Data Properties#

Properties are one-dimension values that are extracted from either the images, labels or predictions. For example, an image property is brightness, and a label property is bounding box area (for detection tasks). Deepchecks includes built-in properties and supports implementing your own properties.

What Are Properties Used For?#

Properties are used by some of the Deepchecks’ checks (e.g. train-test drift), in order to extract meaningful features from the data, since some computations are difficult to compute directly on the images (for example drift). Inspecting the distribution of the property’s values (e.g. to notice some images are extremely dark, or that the aspect ratio of images is different between the train and test sets) can help uncover potential problems in the way that the datasets were built, or hint about the model’s expected performance on unseen data.

Example for specific scenarios in which measuring properties may come in handy:

  1. Investigating low test performance - detecting high drift in certain properties may help you pinpoint the causes of the model’s lower performance on the test data.

  2. Generalizability on new data - a drift in significant data properties, may indicate lower ability of the model to accurately predict on the new (different) unlabeled data.

  3. Find weak segments - The properties can be used to segment the data and test for low performing segments. If found, the weak segment may indicate a underrepresented segment or an area where the data quality is worse.

  4. Find obscure relations between the data and the targets - the model training might be affected by properties we are not aware of, and that aren’t the core attributes of what we are aiming for it to learn. For example, in a classification dataset of wolves and dogs photographs, if only wolves are photographed in the snow, the brightness of the image may be used to predict the label “wolf” easily. In this case, a model might not learn to discern wolf from dog by the animal’s characteristics, but by using the background color.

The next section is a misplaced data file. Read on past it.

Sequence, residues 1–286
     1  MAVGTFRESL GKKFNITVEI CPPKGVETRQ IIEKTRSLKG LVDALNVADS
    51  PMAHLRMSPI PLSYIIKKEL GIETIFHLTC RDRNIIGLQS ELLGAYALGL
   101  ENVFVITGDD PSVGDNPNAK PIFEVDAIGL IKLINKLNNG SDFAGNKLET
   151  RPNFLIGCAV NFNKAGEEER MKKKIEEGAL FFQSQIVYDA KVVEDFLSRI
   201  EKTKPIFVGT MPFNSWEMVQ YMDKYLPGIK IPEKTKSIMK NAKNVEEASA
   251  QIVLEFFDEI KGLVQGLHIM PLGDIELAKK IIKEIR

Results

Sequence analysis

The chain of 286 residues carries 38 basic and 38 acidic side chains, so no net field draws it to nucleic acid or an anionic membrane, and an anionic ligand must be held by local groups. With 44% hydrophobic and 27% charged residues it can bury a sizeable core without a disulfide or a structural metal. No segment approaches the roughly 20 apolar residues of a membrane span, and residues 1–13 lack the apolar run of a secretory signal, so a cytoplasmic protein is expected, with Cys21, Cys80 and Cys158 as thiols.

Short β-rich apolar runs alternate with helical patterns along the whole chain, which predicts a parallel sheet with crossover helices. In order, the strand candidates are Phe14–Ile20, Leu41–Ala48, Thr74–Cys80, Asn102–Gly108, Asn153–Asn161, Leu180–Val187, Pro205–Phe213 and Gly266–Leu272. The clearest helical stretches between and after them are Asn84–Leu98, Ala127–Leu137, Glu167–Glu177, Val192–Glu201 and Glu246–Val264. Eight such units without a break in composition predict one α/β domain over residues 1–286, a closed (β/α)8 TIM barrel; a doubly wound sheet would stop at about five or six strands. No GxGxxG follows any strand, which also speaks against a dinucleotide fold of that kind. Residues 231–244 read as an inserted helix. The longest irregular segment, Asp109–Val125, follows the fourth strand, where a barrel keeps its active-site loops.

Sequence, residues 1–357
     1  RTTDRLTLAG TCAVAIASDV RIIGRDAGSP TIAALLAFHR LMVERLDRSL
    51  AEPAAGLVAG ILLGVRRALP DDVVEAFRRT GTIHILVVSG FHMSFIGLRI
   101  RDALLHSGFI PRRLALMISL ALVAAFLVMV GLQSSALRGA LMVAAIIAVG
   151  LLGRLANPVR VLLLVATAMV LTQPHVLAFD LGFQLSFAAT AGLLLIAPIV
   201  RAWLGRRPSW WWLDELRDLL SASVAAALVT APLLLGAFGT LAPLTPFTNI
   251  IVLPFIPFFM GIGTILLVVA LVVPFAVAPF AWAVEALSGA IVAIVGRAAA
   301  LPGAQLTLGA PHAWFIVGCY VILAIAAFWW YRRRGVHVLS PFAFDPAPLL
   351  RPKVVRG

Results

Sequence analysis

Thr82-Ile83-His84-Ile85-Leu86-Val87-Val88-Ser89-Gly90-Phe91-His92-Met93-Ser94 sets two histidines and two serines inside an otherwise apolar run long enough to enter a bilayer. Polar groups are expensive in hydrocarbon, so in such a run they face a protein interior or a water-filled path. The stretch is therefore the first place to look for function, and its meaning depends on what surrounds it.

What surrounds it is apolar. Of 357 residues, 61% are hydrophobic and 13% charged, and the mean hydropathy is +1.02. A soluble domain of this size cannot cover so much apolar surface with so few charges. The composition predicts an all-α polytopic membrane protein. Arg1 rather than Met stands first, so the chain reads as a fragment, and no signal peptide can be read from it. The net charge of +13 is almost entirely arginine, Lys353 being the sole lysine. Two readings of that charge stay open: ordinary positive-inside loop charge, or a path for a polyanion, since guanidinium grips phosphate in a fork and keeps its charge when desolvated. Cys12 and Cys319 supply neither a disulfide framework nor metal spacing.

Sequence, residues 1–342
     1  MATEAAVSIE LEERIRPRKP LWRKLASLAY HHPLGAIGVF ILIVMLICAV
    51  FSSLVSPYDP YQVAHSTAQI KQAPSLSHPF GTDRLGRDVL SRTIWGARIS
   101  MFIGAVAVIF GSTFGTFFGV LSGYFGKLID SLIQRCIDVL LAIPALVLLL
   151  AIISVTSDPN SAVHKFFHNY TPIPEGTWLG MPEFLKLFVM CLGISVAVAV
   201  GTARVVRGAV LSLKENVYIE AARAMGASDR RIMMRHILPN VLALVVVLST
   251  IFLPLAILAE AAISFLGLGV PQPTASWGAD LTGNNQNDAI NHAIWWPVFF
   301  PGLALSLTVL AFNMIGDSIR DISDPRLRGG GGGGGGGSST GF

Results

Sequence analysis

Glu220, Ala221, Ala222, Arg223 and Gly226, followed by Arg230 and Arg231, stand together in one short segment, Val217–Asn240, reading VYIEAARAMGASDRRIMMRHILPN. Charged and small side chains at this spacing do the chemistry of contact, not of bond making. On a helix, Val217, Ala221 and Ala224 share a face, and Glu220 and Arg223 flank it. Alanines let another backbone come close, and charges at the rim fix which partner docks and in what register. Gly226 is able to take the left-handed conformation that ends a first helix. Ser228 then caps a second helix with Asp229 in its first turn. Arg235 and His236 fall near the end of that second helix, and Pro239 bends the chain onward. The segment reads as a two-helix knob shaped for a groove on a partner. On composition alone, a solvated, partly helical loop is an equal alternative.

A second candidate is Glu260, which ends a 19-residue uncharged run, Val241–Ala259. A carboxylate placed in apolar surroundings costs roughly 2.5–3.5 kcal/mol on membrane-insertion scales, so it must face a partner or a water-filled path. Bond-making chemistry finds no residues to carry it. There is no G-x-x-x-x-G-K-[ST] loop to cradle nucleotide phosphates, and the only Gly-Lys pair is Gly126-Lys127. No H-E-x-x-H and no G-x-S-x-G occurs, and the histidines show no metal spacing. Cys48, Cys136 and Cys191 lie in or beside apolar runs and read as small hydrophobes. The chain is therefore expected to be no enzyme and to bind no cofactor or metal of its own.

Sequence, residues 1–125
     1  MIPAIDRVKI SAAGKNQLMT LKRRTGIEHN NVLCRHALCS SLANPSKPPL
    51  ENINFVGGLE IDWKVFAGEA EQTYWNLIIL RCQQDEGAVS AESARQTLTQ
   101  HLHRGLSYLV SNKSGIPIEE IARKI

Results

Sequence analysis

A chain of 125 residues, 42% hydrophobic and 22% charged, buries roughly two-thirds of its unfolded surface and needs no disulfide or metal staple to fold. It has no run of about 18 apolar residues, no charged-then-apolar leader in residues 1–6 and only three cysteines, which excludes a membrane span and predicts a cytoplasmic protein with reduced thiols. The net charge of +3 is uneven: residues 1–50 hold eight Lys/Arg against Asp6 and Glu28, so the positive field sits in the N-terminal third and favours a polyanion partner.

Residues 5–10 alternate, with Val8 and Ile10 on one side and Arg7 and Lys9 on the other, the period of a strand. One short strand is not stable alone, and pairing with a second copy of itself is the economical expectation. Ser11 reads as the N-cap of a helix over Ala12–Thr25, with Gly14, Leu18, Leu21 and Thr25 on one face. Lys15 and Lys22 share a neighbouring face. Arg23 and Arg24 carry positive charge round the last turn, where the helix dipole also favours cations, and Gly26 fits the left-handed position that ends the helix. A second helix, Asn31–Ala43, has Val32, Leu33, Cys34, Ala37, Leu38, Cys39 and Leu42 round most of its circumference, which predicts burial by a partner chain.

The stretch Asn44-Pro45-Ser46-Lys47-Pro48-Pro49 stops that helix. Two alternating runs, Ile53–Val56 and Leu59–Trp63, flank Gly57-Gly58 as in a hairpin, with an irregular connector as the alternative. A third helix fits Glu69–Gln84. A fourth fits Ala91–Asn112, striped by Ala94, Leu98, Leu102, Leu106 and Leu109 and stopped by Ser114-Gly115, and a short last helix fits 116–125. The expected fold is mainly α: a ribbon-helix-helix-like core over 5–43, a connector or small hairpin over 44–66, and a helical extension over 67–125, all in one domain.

Deepchecks’ Built-in Properties#

We divide the properties by the data that they are based on: images, labels or predictions. You can either use the built-in properties or implement your own ones and pass them to the relevant checks.

Image Properties#

The built-in image properties are:

Property name

What is it

Aspect Ratio

Ratio between height and width of image (height / width)


Area of image in pixels (height * width)


Average intensity of image pixels. Color channels have different weights according to RGB-to-Grayscale formula

RMS Contrast

Contrast of image, calculated by standard deviation of pixels

Mean Red Relative Intensity

Mean over all pixels of the red channel, scaled to their relative intensity in comparison to the other channels [r / (r + g + b)].

Mean Green Relative Intensity

Mean over all pixels of the green channel, scaled to their relative intensity in comparison to the other channels [g / (r + g + b)].

Mean Blue Relative Intensity

Mean over all pixels of the blue channel, scaled to their relative intensity in comparison to the other channels [b / (r + g + b)].

Label & Prediction Properties#

The built-in label & predictions properties are:

Property name

What is it

Samples Per Class

The classes abundance in the data

Bounding Box Area

Area of bounding boxes in pixels (height * width) for object detection

Number of Bounding Boxes Per Image

Number of bounding boxes in a single image for object detection

Property Structure#

All property types have a similar structure, which is a dictionary with 3 keys:

  • name - The name of the property

  • method - The callable function that calculates the property’s value. It accepts the relevant data and returns the values list.

  • output_type - Relates to the method’s return values list, and is one of the following:

    • continuous - For numeric values with continuous nature

    • discrete - For numeric values with discrete nature or non-numeric values

    • class_id - Means the output is of class ids. In this case we will try to translate the ids into their corresponding class labels.

Each dictionary is a single property, and the checks accepts a list of those dictionaries. For example:

def mean_image(images):
  return [image.mean() for image in images]

properties = [
  {'name': 'My Image Mean', 'method': mean_image, 'output_type': 'continuous'}

The Method’s Input#

Each property is built for the specific data type that it runs on, and receives its deepchecks-expected format, as demonstrated in Deepchecks’ format. Note that prediction and label-based properties are not interchangeable due to their slightly different format, even if they calculate similar values.

The Method’s Output#